Pole dancing
(Picture for representation) A care home arranged for pole dancing to entertain residents.Pixabay

A care home in England's Dorset hired pole dancers to entertain its elderly residents. Fairmile Grange home in Christchurch, which opened last year, said the pensioners who live there wanted to enjoy something "a bit different" and asked for pole dancing.

Local councilors have called this ''inappropriate" and County Councillor Peter Hall said he was "absolutely surprised" by the choice of entertainment, reported bournemouthecho.co.uk.

"I would have thought there would have been rules and guidance that didn't allow that. I should have thought the manager had a set of rules they should abide by," Hall was quoted by the website as saying.

The standard-bearer for older people's cause in Christchurch, Councilor Denise Jones, said though according to her it was an "extremely novel idea," it was also an "inappropriate one".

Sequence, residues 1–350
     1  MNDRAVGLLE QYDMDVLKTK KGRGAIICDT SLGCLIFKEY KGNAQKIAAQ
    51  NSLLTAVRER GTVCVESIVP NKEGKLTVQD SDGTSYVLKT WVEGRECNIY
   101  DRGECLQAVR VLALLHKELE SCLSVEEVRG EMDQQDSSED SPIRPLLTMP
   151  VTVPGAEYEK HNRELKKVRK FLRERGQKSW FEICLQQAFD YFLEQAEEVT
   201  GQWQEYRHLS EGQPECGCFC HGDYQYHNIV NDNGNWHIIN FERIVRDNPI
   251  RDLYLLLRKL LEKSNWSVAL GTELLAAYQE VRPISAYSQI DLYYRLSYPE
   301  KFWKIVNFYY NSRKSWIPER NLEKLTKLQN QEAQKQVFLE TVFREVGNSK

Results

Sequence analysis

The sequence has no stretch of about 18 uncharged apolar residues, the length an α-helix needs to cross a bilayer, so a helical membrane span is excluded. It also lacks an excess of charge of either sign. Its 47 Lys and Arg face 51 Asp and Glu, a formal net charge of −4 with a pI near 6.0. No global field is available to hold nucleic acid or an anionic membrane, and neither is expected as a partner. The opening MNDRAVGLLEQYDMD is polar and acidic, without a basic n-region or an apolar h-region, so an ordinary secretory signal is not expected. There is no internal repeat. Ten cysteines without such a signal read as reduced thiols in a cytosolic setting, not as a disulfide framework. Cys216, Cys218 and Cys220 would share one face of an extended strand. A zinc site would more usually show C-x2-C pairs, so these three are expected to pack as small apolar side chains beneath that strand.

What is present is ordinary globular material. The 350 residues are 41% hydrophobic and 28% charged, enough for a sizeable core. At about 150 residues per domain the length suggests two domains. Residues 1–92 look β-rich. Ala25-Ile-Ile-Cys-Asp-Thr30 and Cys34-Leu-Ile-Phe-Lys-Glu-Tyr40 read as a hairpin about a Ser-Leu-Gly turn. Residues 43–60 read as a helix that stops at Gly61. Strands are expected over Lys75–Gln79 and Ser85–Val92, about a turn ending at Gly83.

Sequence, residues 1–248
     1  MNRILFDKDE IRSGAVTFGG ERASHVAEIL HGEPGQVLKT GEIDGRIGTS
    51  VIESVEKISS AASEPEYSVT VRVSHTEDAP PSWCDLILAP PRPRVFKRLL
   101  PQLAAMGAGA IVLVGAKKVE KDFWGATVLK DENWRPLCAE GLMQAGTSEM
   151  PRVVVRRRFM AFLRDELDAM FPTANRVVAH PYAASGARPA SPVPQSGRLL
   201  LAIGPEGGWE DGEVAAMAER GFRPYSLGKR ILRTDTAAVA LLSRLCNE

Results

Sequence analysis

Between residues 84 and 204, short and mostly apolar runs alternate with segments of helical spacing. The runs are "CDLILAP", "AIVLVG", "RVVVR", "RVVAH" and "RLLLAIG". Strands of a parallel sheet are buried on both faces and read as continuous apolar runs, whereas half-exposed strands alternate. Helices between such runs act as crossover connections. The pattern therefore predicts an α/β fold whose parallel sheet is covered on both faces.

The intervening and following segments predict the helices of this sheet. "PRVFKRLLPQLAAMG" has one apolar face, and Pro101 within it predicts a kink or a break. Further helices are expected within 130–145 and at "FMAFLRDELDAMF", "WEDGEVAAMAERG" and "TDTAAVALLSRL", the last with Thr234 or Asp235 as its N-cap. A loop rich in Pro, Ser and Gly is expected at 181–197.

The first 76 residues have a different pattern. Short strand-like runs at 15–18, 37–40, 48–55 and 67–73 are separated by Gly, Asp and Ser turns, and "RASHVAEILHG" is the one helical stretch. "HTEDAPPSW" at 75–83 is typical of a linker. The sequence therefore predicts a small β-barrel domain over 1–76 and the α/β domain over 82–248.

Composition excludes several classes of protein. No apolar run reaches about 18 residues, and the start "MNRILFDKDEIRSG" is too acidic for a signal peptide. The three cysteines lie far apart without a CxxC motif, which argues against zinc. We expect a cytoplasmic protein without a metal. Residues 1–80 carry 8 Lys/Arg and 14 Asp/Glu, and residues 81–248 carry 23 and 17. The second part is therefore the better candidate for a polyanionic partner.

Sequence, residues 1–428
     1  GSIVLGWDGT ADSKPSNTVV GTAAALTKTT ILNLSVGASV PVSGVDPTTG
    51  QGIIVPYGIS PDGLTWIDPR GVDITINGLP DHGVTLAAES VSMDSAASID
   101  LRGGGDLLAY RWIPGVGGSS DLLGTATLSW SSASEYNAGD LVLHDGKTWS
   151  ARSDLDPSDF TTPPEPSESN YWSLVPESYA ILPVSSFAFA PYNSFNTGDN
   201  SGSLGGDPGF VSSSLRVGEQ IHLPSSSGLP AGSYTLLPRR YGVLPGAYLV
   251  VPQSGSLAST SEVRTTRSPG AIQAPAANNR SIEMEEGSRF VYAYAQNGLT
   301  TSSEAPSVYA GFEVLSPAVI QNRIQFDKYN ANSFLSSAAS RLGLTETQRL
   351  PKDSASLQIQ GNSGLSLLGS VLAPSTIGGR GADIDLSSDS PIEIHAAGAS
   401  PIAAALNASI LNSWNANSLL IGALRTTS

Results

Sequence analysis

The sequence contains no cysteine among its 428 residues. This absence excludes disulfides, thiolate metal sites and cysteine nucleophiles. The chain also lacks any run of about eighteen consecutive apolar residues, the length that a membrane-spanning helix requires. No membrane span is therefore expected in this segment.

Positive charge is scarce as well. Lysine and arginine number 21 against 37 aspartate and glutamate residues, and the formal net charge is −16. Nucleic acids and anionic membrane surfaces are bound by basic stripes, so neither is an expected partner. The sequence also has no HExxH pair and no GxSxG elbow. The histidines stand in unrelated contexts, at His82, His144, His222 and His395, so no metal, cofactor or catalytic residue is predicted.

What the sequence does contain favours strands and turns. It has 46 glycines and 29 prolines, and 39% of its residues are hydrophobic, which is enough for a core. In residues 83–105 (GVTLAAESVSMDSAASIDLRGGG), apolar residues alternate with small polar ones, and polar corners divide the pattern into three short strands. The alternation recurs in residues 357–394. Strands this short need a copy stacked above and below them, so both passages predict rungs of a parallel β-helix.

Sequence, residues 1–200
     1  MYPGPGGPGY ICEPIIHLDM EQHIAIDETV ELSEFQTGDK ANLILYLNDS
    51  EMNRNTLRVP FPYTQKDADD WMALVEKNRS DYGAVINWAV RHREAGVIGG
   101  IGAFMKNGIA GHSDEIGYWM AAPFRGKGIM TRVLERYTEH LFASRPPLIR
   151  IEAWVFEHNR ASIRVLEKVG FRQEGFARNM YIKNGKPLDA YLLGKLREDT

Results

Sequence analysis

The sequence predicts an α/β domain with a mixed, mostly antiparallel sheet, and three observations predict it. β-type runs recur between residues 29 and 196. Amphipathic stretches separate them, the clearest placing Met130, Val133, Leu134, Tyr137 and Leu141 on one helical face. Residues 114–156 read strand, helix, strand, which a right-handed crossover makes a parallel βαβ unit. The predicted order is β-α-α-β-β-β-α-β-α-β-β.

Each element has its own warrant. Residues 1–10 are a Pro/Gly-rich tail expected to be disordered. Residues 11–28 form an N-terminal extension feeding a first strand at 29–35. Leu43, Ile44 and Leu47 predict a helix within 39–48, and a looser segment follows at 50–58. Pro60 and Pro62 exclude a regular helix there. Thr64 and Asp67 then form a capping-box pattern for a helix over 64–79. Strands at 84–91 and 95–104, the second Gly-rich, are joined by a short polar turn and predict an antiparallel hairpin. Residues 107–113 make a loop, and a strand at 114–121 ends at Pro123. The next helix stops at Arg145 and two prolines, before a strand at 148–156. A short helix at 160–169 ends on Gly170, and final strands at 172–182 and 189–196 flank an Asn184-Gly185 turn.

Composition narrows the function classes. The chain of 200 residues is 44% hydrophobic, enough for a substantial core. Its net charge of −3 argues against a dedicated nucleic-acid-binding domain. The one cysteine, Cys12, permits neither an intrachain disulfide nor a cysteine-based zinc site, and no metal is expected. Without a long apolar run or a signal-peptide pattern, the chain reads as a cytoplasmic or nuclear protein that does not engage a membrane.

"I'm a bit staggered about it. While I'm always delighted to see the horizons of older people widened, I'm not sure that includes pole dancing," she said.

However, the care home director defended the action saying "relatives and residents requested more modern-style activities."

Izzy Nicholls, who is the operations and quality director for Encore Care Homes, which runs Fairmile Grange, said residents were given several choices but they "specifically chose for a local pole dancing company to perform."

Dancers from Pole Dance Factory performed in front of the pensioners to music from the 50s and the 60s, and the directors said dementia and non-dementia residents enjoyed the show thoroughly, and that it also received overwhelmingly positive feedback from their relatives.

"We are proud to challenge stereotypes and will continually offer our residents the choice to experience appropriate, new and progressive activities," she added.

The owner of the pole dancing company, Katie Henry, was in support of the act as well. She said there are different styles of pole dancing and the one performed at Fairmile Grange was "gymnastic" with a 1950s-60s theme.

BBC stated that another company called Pole Crazy, which performed alongside Pole Dance Factory, posted on Facebook that some people want to "tarnish" their sport.